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Editorial Reviews

Gaye Rowley

The Tale of Genji is a brilliantly sustained work of literary criticism, quite the most engrossing book in the field of Japanese literature I have read in years. It is a rare book, one that is sure to have a profound and lasting impact.

Haruo Shirane

A stunning tour de force, The Tale of Genji reveals the manner in which the work was 'replaced' by various texts and how it was made, from the late nineteenth century, into a world classic both in and outside Japan. Throughout, Michael Emmerich engages with translation studies, reception theory, and current notions of world literature, writing in a transnational, translingual context. This book makes us profoundly aware of the transformation of the material Tale of Genji and reading practices in Japan from the late early modern through the postwar period, thus bridging the gap between early modern and modern literary studies as well as that between Japanese literary studies and contemporary translation studies.

Yoshiaki Shimizu

Michael Emmerich's astute analyses and imaginative interpretations are likely to radically change our view of Japanese literature and the role translation has played in its constitution, and they expand even the notion of translation itself. This discerning study gives a refreshing look at how an Edo-period illustrated book was put together and how it functioned. Anyone interested in the visual culture of Japan should read this book.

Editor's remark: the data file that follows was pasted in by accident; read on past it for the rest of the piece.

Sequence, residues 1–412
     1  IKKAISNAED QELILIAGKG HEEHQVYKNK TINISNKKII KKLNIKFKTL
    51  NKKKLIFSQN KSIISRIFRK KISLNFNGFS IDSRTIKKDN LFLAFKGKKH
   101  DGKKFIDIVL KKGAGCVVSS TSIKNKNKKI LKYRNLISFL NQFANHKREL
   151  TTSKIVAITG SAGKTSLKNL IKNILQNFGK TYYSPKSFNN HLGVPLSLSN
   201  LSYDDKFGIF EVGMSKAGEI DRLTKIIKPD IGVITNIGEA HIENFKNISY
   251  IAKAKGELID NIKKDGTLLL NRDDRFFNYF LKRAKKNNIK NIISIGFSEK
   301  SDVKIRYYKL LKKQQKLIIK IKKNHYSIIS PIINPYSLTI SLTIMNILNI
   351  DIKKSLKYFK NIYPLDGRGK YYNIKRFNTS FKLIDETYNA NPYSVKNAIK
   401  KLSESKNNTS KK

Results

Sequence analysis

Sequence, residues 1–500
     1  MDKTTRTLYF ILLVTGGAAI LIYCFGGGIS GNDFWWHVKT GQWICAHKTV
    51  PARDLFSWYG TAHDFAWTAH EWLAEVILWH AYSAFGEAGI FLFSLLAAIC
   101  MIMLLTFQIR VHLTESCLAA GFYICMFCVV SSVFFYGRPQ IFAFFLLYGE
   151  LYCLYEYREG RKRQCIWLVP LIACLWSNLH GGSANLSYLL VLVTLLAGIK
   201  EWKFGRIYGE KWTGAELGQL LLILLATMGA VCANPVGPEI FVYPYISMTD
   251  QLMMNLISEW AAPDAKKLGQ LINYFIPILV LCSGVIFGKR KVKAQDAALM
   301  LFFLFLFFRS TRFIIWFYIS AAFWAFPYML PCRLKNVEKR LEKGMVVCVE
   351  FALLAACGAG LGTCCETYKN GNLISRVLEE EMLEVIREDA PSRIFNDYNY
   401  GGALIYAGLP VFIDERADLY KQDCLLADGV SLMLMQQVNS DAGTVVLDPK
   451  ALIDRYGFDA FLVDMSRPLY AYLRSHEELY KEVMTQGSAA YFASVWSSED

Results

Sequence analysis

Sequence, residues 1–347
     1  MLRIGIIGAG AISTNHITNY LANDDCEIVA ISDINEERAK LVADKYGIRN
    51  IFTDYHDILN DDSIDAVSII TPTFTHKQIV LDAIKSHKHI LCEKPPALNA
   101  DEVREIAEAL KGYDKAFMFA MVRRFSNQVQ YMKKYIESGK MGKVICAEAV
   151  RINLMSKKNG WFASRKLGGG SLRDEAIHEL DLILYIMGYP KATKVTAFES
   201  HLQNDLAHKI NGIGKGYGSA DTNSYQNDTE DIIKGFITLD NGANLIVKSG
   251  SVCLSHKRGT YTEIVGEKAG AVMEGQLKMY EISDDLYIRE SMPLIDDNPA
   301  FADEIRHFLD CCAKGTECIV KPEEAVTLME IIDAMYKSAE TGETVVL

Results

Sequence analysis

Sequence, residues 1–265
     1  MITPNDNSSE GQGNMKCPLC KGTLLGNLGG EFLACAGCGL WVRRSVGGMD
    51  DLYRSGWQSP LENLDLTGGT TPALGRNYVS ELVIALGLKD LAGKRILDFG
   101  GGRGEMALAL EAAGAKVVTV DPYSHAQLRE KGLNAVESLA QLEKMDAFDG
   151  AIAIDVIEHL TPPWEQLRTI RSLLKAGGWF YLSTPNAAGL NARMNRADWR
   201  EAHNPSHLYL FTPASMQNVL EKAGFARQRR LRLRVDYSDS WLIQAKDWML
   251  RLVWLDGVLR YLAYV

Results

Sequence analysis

Choice

This work's profundity, clarity, intriguing revelations, and accessibility recommend it to a wide readership... Essential.

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Product Details

  • ISBN-13: 9780231534420
  • Publisher: Columbia University Press
  • Publication date: 6/25/2013
  • Sold by: Barnes & Noble
  • Format: eBook
  • Pages: 512
  • File size: 74 MB
  • Note: This product may take a few minutes to download.

Meet the Author


Michael Emmerich is assistant professor of Japanese literature and cultural studies at the University of California, Santa Barbara. He is the editor of Read Real Japanese Fiction and New Penguin Parallel Texts: Short Stories in Japanese, and the translator of more than a dozen books.
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Table of Contents

AcknowledgmentsA Note to the ReaderIntroduction: Replacing the TextPart I. Ninety-Nine Years in the Life of an ImageTouchstone 1. Reimagining the Canon1. A Gokan Is a Gokan Is a Gokan: Inaka Genji Beyond Parody2. Reading Higashiyama: Image, Text, and Book in Inaka Genji3. Turning a New Page: Bibliographic Translation and the Yomihonization of Inaka GenjiPart II. In Medias ResTouchstone 2. Triangle4. The History of a Romance: Genji Before Waley5. From the World to the Nation: Making Genji Ours6. "Genji monogatari: Translation and Original"Conclusion: Turning to Translation, Returning to TranslationNotesIndex

Columbia University Press